This is the twentieth “Notes from the Tackle Room” column that I have written, and it occurs to me that perhaps, for the Home & Garden issue, I should elaborate on what this room consists of.

Kib Bramhall

In September President Barack Obama designated about 5,000 square miles of deep sea canyons and ancient underwater mountains southeast of Cape Cod as the first national marine monument in the Atlantic Ocean.

Sara Brown

The culture of surfing in Vineyard waters has gained momentum in recent years with advances in weather-tracking technology. The Island’s south-shore swells are inconsistent, but occasionally they can be epic. The waves can also get crowded, and many surfers are protective of their turf.

Mike Seccombe

A family, a couple, and a solo sailor make their homes on boats in Vineyard Haven harbor.

Elaine Pace

How the fisheries have shifted focus over the past twenty-five years.

Mike Seccombe

A Gannon & Benjamin schooner launched in 2001 is the focus of a new art book.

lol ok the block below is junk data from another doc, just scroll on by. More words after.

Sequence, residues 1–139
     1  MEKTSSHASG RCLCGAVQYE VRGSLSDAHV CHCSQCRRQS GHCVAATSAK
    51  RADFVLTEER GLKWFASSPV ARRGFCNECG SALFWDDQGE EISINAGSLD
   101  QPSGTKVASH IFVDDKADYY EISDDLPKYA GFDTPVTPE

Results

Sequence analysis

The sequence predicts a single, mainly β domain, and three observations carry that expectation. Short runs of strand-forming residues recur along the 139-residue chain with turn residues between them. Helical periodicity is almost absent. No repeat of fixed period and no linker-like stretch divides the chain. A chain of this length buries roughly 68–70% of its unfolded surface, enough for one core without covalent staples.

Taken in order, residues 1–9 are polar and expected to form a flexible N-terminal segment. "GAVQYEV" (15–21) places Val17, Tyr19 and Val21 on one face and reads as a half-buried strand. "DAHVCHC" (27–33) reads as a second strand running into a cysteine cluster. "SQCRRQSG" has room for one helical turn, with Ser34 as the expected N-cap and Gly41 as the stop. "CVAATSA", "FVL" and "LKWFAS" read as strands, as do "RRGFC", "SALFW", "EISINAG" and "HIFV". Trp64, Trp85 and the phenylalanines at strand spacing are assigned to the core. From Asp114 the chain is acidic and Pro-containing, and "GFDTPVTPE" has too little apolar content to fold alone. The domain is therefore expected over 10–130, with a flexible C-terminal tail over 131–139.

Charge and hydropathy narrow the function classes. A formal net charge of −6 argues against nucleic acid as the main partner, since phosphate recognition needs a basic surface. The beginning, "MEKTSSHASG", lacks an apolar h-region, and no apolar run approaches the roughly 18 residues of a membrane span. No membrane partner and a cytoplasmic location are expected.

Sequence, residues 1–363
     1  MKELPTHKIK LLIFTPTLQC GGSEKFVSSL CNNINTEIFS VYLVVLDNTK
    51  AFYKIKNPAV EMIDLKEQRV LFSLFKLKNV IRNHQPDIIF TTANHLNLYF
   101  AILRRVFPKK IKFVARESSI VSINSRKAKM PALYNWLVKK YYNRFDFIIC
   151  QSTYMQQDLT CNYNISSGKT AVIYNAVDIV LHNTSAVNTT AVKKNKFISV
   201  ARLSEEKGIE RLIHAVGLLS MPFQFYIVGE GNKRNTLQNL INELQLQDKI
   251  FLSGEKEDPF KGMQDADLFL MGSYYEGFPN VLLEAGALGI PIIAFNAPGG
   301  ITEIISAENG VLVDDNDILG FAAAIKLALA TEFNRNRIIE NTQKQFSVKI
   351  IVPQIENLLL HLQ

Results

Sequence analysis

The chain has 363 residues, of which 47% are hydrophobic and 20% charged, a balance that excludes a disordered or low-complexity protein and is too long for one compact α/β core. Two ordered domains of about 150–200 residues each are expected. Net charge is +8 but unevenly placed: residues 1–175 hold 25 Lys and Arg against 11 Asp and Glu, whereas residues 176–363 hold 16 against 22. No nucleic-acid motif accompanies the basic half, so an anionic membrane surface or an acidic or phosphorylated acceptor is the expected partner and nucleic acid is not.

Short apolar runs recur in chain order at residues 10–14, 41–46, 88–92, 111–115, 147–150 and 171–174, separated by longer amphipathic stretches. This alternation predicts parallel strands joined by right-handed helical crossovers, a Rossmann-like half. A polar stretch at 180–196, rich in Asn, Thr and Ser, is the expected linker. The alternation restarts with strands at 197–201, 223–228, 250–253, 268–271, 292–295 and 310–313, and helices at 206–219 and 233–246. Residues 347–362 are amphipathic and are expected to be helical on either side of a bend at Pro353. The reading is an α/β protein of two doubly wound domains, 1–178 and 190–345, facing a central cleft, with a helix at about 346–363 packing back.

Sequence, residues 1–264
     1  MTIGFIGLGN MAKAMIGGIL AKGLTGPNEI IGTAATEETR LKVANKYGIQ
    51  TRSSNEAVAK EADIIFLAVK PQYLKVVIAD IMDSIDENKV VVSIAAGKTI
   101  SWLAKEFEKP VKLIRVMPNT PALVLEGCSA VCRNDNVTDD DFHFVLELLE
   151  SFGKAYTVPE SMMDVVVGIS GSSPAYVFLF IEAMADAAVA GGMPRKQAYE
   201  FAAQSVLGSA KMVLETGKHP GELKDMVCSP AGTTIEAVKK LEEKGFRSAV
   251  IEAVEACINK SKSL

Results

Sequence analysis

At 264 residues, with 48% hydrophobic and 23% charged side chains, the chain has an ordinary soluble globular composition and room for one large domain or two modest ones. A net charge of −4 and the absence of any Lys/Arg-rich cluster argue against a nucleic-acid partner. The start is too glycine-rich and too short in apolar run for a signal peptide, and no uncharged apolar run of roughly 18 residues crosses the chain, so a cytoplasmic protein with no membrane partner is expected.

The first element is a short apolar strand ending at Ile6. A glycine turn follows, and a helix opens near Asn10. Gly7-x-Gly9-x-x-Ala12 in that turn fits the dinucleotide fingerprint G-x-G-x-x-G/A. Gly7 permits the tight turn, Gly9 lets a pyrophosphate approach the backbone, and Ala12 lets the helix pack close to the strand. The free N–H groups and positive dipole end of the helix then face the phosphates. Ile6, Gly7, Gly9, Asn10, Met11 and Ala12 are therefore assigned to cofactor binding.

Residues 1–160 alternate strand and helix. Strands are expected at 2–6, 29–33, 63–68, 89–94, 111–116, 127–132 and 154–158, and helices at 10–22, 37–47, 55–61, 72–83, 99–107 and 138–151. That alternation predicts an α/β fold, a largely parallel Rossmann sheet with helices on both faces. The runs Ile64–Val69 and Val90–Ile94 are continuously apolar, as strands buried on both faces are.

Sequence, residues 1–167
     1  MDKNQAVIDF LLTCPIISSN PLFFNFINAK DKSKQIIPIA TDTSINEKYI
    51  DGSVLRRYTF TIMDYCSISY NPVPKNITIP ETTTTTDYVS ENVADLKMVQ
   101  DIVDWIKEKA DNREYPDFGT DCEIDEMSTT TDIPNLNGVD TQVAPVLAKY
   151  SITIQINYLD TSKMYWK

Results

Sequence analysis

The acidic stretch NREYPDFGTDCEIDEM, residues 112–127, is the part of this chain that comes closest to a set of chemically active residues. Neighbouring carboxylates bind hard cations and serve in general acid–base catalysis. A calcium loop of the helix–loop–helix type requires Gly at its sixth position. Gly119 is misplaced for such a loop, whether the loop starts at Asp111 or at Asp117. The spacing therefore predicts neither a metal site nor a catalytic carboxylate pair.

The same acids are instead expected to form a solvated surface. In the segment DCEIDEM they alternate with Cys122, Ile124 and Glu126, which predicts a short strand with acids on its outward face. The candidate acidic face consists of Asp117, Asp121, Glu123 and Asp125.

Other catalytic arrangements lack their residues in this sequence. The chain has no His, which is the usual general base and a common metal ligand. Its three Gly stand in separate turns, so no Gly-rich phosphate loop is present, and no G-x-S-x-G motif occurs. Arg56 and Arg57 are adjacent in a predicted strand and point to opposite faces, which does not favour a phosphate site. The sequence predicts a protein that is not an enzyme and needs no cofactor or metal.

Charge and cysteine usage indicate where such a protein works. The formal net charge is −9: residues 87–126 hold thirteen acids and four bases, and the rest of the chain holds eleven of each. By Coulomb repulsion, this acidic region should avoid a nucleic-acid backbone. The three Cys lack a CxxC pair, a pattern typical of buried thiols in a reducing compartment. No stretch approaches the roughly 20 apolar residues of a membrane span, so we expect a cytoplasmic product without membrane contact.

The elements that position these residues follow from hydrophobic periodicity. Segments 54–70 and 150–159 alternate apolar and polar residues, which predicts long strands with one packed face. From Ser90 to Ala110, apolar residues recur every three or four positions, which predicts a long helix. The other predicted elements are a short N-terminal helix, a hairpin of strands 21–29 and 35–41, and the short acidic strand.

Tom Dunlop

Something remarkable happens when you kayak on Martha’s Vineyard. Moments after the first strokes, you change. The random chatter inside your head – the cares, preoccupations, calculations, and mental projections of the day – fades away, replaced by stillness. The naked moment reveals itself.

Julian Wise

A state law from 1647 gives private landholders exclusive rights to their beaches, and some Island towns exclude non-residents from enjoying a day at their stretches of sand. Whether beaches should be open to the public is an ongoing topic of debate on the Vineyard.

Mike Seccombe

Pages